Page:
|Publication number||US4113983 A|
|Application number||US 05/678,461|
|Publication date||Sep 12, 1978|
|Filing date||Apr 20, 1976|
|Priority date||Apr 24, 1975|
|Also published as||DE2617888A1|
|Publication number||05678461, 678461, US 4113983 A, US 4113983A, US-A-4113983, US4113983 A, US4113983A|
|Inventors||Paul Franklin Steel|
|Original Assignee||Teledyne Acoustic Research|
|Export Citation||BiBTeX, EndNote, RefMan|
|Patent Citations (4), Referenced by (24), Classifications (13), Legal Events (1)|
|External Links: USPTO, USPTO Assignment, Espacenet|
This invention relates to loudspeaker systems, and more particularly to input filtering apparatus for loudspeaker systems.
The response of a loudspeaker is substantially linear only when the amplitude of movement, that is to say the distance of travel, of the loudspeaker diaphragm or cone is within a certain range characteristic of that loudspeaker, referred to herein as the linear operating range of the loudspeaker. If the loudspeaker is operated so that the amplitude of movement of the cone or diaphragm exceeds the linear operating range, distortion of the output results (known as bottoming) which is severly objectionable to a listener.
It is known that the amplitude of movement of a loudspeaker diaphragm or cone for a given output is inversely related to the frequency of the output. Accordingly, "bottoming" is most likely to be caused by low frequency components of the signal.
In practice, the incidence of bottoming in the loudspeaker is to some extent reduced by the natural bass roll-off of the loudspeaker; this has the effect of attenuating the amplitude of movement of the cone at low frequencies. A further reduction can be achieved by providing a high-pass filter in the input channel to the loudspeaker to attenuate low frequency components of the input signal to the loudspeaker. However, to provide high fidelity reproduction of, for example, music, it is desirable to avoid introducing permanent attenuation of the low audio frequency components. Indeed, it is often desirable to eliminate the effect of the bass roll-off of the loudspeaker in attenuating these components, for example by providing an equalizing circuit in the input channel to the loudspeaker. Provision of such an equalizing circuit, or other means to extend the bass response of a loudspeaker system, aggravates the problem of bottoming.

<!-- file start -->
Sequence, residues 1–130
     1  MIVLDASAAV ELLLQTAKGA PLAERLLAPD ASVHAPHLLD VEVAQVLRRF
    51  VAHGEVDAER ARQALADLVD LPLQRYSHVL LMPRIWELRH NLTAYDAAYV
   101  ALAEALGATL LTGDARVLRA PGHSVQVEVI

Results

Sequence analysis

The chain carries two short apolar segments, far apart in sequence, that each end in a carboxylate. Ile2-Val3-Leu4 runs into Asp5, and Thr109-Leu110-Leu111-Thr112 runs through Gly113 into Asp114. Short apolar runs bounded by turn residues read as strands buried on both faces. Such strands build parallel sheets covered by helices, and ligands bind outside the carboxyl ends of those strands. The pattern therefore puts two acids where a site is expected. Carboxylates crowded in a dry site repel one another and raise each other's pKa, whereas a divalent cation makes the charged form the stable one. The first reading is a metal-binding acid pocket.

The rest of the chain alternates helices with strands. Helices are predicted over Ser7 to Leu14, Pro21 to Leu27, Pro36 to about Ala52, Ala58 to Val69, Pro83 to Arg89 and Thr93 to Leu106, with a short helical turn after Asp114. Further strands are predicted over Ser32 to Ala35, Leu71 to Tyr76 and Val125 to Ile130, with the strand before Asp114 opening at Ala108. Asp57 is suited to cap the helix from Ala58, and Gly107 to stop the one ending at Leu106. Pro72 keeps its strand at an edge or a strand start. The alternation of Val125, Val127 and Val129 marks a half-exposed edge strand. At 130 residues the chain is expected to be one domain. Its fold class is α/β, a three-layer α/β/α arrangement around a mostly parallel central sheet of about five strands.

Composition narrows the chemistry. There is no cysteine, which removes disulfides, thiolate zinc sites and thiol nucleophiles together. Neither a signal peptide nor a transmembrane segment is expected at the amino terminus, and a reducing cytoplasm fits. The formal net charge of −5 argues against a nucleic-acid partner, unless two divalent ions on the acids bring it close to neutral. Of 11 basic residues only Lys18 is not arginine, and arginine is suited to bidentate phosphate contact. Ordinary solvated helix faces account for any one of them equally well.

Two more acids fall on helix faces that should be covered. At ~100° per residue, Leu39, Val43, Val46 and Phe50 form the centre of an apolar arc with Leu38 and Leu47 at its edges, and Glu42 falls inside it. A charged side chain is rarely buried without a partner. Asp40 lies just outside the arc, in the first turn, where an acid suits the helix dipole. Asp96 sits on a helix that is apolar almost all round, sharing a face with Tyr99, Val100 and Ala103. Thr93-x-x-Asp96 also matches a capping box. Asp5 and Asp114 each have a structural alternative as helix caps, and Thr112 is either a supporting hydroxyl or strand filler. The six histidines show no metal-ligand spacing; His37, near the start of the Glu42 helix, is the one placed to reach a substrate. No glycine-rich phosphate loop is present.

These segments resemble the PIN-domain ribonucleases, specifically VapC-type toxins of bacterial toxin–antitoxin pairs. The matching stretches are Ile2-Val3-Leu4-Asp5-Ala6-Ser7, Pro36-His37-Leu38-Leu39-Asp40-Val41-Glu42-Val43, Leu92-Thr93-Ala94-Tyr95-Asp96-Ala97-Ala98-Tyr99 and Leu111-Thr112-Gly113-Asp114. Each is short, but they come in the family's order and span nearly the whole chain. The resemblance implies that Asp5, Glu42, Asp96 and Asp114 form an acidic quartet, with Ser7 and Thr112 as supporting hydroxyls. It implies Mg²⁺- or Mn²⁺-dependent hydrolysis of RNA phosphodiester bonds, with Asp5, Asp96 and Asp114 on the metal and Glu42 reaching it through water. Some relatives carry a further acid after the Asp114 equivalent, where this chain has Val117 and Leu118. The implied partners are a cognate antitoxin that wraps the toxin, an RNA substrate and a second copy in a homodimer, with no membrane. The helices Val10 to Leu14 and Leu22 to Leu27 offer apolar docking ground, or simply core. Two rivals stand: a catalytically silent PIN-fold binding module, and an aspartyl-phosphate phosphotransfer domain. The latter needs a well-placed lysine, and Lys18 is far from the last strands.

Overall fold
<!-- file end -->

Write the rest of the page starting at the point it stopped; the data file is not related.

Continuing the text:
It is an object of the present invention to provide input filtering apparatus for a loudspeaker, the filtering characteristics of the apparatus being controlled so as to limit the amplitude of movement of the loudspeaker cone or diaphragm to within the linear operating range of the loudspeaker.
The invention provides input filtering apparatus for a loudspeaker, the apparatus including a variable bandwidth high-pass filter and control means therefor to vary the breakpoint frequency thereof in accordance with the amplitude and spectral content of the audio signal being received at the time; the breakpoint frequency is varied so as to attenuate components of the signal which would otherwise cause the loudspeaker to be driven outside its linear operating range. By varying the breakpoint frequency of the filter, as distinct from, for example, the Q of the filter, there is minimal effect on components of the signal other than those likely to cause the non-linear operation.